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So far Robin Wood has created 26 blog entries.

Beech Street Bridge – Lewiston

The Beech Street bridge replacement has begun in Lewiston.  This is a project for the City of Lewiston to replace the aging single lane bridge that accesses the Lewiston-Auburn park, location of big events such as the balloon festival and Dempsey Challenge.  Work began following the cleanup from this year’s Dempsey Challenge and is expected to be complete by end of year, with the exception of final paving and seeding.

The bridge itself is small, only 52’ x 30’, but the project has considerable complications due to congested underground and overhead utilities and 20’ deep abutment foundations.  The project includes replacing an active water line, active storm drain line, installing 2 storm drain manholes, and protecting an active natural gas pipeline and sewer line that are within 3’ of our excavation.  Once the foundations are complete we will set a pre-assembled pony truss bridge frame in place and then form and place the deck.

By |2018-11-01T20:11:15+00:00November 1st, 2018|

Deerfield Wind

The Deerfield Wind Project is a 30 MW wind generator facility located in Bennington County, Vermont.  The Project includes eight (8) 2.0 MW Gamesa G97 turbines and seven (7) 2.0 MW Gamesa G87 turbines, with spread-footing foundations, 6.4 miles of 34.5kV underground collector system, 5.1 miles of gravel ridgeline roads, and an operations building.  The site is located within the Green Mountain National Forest.

The project site is located primarily on two undeveloped woodland ridges south of Searsburg, Vermont in Bennington County. The ridges are separately referred to as either the East or West ridge, on either side of Vermont Route 8.

The project consisted of challenging schedule and site conditions.  As the first commercial wind project located within a National Forest utmost consideration was taken to maintain compliance with the environmental and stormwater permit requirements.

The project achieved commercial operation December 30, 2017.

 

 

By |2018-11-01T20:18:10+00:00November 1st, 2018|

Maine Turnpike York Toll Plaza Mile 8.8 Project, York, Maine

Reed & Reed has recently been awarded the Maine Turnpike York Toll Plaza Mile 8.8 Project in York, Maine.

The $40 million Mile 8.8 Project consists of constructing six (6) open, high-speed (70 mph) E-ZPass center lanes (3 in each direction) with overhead open frame gantries with electronic toll collection equipment, nine (9) cash lanes with toll booths (4 northbound and 5 southbound) with canopies, reconstruction of mainline to accommodate approach and departure lanes at the new toll plaza with construction of a precast pedestrian tunnel for employee access and utilities, and a new driveway from Chases Pond Road providing access to a new parking lot and Administration Building.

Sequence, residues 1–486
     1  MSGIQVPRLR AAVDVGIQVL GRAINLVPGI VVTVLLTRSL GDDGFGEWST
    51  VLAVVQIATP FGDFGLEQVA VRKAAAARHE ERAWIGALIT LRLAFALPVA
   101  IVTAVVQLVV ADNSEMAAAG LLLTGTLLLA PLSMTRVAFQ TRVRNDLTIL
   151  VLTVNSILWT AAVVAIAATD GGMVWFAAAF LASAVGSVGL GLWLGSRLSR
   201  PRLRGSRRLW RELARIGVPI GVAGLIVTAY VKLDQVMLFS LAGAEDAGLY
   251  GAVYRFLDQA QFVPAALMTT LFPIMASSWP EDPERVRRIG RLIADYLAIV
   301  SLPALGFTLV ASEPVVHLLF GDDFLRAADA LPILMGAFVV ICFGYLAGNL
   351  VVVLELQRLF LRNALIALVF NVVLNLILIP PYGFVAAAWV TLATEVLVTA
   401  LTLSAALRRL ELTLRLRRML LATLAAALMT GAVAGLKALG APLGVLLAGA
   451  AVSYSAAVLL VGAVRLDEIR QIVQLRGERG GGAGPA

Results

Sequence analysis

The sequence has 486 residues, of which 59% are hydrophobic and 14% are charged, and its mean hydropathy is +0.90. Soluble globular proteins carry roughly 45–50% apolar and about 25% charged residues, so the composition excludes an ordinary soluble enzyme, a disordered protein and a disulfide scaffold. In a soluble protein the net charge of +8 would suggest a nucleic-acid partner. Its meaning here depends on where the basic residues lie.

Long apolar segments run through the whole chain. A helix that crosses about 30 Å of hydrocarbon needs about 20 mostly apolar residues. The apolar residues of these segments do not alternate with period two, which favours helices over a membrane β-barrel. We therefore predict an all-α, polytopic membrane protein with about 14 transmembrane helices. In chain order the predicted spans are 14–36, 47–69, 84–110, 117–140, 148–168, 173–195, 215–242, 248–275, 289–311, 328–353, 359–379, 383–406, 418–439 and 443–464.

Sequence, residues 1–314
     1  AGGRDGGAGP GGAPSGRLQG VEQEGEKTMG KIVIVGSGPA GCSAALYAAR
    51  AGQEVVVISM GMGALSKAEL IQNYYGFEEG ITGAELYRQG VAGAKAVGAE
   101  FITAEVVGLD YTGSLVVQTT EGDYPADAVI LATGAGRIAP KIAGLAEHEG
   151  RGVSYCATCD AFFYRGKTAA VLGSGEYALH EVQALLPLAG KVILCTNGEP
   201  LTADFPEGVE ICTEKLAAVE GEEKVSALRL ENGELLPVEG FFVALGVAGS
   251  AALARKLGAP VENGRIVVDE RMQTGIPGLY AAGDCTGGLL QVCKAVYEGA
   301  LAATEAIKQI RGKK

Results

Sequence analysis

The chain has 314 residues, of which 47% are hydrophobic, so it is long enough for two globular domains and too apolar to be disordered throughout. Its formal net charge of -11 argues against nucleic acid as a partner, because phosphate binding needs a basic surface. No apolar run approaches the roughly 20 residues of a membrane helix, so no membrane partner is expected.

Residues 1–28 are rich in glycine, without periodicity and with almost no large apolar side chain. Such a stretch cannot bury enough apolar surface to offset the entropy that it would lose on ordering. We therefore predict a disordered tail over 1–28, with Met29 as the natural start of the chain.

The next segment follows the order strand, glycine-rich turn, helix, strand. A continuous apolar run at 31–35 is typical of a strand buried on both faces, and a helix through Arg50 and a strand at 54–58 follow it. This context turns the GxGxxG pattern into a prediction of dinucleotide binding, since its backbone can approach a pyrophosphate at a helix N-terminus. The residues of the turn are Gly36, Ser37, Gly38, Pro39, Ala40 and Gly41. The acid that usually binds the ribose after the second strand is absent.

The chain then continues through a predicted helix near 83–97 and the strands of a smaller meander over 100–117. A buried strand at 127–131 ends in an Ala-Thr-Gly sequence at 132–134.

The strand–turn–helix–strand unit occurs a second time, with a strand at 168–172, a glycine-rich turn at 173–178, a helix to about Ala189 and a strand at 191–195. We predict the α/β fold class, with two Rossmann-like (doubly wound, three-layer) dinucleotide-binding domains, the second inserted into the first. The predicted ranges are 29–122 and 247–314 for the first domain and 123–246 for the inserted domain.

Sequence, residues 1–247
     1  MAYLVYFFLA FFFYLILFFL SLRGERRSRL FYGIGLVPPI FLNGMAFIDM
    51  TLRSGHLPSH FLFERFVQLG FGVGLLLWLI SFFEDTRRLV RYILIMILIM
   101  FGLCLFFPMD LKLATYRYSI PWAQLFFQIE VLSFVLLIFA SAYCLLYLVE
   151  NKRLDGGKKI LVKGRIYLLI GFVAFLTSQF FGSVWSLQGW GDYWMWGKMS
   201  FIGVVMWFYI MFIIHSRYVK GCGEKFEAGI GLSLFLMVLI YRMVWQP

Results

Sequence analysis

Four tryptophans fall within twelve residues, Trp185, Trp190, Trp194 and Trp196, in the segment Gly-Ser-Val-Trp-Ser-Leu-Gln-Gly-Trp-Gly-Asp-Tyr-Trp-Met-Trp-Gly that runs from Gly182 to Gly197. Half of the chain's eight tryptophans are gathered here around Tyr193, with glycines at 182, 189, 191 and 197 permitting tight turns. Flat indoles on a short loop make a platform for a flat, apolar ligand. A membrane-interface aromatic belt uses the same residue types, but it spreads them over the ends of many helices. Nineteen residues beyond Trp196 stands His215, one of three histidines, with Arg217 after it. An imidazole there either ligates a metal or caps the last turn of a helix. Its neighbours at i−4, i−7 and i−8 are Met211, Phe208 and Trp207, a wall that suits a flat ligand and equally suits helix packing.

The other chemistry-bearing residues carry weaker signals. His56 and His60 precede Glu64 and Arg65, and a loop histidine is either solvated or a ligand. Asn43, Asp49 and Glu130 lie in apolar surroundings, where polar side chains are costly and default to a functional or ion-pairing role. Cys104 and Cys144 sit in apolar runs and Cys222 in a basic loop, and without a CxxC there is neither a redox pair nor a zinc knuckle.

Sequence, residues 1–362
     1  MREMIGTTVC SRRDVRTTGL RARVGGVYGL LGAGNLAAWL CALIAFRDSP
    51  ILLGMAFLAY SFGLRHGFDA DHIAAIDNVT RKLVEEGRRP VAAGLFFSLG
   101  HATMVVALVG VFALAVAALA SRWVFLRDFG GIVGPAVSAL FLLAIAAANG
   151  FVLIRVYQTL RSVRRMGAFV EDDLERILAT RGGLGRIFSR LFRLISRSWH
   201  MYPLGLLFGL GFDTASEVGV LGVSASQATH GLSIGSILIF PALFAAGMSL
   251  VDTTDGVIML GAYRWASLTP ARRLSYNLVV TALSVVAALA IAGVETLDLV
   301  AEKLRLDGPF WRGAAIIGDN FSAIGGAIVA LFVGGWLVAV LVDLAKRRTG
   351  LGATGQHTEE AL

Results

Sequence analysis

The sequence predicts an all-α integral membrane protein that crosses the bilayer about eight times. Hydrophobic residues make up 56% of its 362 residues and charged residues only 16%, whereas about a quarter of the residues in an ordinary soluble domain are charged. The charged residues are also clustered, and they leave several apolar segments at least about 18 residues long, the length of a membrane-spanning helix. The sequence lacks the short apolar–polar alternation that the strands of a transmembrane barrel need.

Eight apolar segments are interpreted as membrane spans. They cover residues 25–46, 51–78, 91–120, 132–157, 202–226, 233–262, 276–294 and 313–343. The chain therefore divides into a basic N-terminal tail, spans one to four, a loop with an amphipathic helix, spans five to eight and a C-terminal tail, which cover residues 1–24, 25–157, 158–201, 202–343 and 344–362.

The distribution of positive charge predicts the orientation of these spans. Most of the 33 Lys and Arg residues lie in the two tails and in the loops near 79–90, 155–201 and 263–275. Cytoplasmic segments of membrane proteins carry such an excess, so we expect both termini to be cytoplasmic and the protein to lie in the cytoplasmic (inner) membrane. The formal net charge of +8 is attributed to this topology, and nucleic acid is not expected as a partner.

The work includes maintenance of traffic, clearing, drilling and blasting ledge, earthwork, concrete foundations and slabs, precast tunnel, paving, overhead sign structures, concrete barrier, guardrail, electrical systems and mechanical systems.

The work will start in November 2018 and be complete in the Summer 2021.

By |2018-11-01T19:27:26+00:00November 1st, 2018|

Maine Turnpike Exit 44 Open Road Tolling Project, Scarborough, Maine

The Exit 44 Open Road Tolling (ORT) Project in Scarborough Maine consists of replacing the existing toll plaza, construction of two northbound and two southbound open road tolling (ORT) lanes and two northbound and two southbound cash/E-ZPass lanes. It also includes construction of a precast pedestrian tunnel for employee access and utilities, construction of an Administration Building, reconfiguration of Exit 1 ramp, construction of snow plow turnarounds, demolition of existing toll plaza and reconstruction of the mainline to accommodate approach and departure grade and alignment differentials at the modified plaza for the Maine Turnpike.
The work includes maintenance of traffic, earthwork, shoring, piles, concrete, paving, overhead sign structures, concrete barrier, guardrail, electrical work, lighting, lightning suppression systems and demolition of the existing Exit 44 toll plaza and administration building.
The ORT lanes were completed in August 2018. Work on the cash lanes is underway and will be followed by the phased demolition of the existing plaza. The work started in April 2017 and planned to be complete in October 2019.